Pitseolak’s Glasses

Pitseolak's Glasses

Annie Pootoogook, (Inuit, Cape Dorset, Canada, b. 1969)

Pitseolak’s Glasses, 2006

Collagraph (edition of 25)

13 x 20 inches

Reproduced with the permissions of Dorset Fine Arts


“I used to go see my grandma drawing.  They used to talk about what they are doing about life in the past. She used to tell the stories that came with the drawings and those were true stories.  I wish I was born in the past.  I would know in the traditional ways.  I only know by my mom’s drawing and my grandma’s drawing.  They knew the past.  They are lucky.  If I was in the past, I would draw it, too.  But I’m not from the past.  I didn’t see any igloos in my life.  Only today: Ski-doo, Honda, house, things inside the house.  That’s only I see, today.  I see and I do.  What I see, I do.”

— Annie Pootoogook


In her drawings and prints, Annie Pootoogook often depicts her late grandmother and influential artist, Pitseolak Ashoona, wearing her signature black-rimmed glasses.  In this abstracted still life, the isolated glasses serve as an emotional and storied portrait of their owner. As a child, Pootoogook often visited her bedridden but still drawing grandmother, who was influential in the formation of her representational style and in her development as a third-generation artist.  In contrast to earlier portraits, Pootoogook has removed the figure and replaced it with a symbolic object, implying Pitseolak’s bodily absence while still representing a familial essence.

This iconographic system that Pootoogook begins to establish is very much in line with the Inuit printmaking tradition of isolating Arctic animals; however, the subject matter of Pootoogook’s art differs greatly from her predecessors.  Instead of images of the “timeless” Arctic, her works are riddled with contemporary objects in what some view as a conflation of Indigenous and Western cultures.  This combination is sometimes underlined with humor and works to destabilize the static, ethnographic representation of Inuit peoples as the primitive Other. The realistic depiction of contemporary Inuit life in her works defies romanticized images of “traditional” Inuit life often demanded by Western markets, while it highlights ways in which Inuit peoples have reclaimed colonial objects into new forms of tradition and everyday life. Pootoogook presents the glasses as an emblem of her grandmother and, in this way, she imbues them with personality, agency, and memories.

When Annie was only thirteen years old, her grandmother Pitseolak Ashoona passed away.  While Ashoona’s work may have influenced Pootoogook’s drawing style in her early career, the subject matter of her drawings has always been unique and, to non-Indigenous viewers, incongruous with their stereotyped images of Inuit peoples.  Pootoogook’s contemporary scenes are boldly realistic; she does not shy away from depicting scenes from her personal life that involve taboo social issues like alcoholism, sexuality, and domestic abuse.  In this daring way, Pootoogook comments upon her surroundings and breaks down notions of authenticity with regards to Inuit art work.  For Pootoogook, authenticity in her work is founded upon the principle of unapologetically depicting the complex realities of life in Cape Dorset.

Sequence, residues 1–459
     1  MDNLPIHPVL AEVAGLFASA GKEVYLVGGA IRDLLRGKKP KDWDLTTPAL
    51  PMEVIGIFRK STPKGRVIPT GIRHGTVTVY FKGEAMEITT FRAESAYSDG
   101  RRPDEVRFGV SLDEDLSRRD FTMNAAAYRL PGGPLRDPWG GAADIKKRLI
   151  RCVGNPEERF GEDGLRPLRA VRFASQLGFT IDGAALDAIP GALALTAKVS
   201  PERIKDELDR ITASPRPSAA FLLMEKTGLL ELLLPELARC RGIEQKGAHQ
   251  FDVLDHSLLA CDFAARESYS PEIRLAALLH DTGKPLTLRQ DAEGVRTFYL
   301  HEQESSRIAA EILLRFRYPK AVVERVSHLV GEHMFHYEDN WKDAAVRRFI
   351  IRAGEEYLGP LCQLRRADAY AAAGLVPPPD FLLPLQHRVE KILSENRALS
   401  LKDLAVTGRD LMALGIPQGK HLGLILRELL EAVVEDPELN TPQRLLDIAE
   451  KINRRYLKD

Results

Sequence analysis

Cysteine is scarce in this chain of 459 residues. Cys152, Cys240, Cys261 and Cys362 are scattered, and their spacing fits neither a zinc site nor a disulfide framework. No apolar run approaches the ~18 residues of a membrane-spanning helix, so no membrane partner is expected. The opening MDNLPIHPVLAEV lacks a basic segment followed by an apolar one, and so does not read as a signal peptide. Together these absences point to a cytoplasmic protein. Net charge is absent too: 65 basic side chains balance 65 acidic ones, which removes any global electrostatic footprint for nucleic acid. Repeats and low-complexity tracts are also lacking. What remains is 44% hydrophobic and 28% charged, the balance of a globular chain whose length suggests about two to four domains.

The seemingly simple composition of the print is complicated by Pootoogook’s iconographic appropriation and playful representational style.  In Pootoogook’s rendering of the object, the glasses, which are partially closed and form a continuous contour, seem to float in the center of the picture plane.  The subtle white highlights and inconsistent perspectival geometry of the glasses create an oscillation between flatness and depth, while the confident and meticulous lines create a sense of vitality as if the glasses have a life of their own.

The composition, style, and printing technique of Pitseolak’s Glasses are incredibly similar to another print from the same year: 35/36.  Curator Jan Allen writes that in Pootoogook’s work “containment and exposure are held in delicious tension”; this dynamic tension is palpable in both of these prints.  However, 35/36 features an outstretched bra rather than a pair of glasses.   Both the glasses and the bra float in the center of their compositions and seem to imply absence.  They not only stand in for figural representation as characteristically endowed objects, but they call attention to what is missing: the figures themselves.  In terms of geometry and utility, however, the two prints are diametrically opposed.  Whereas the bra has positive spaces for concealing and containing, the glasses have negative spaces for revealing and exposing.

Leighton Suen ’14 & Logan Woodruff ’14


 ← 35/36 | Two Seasons →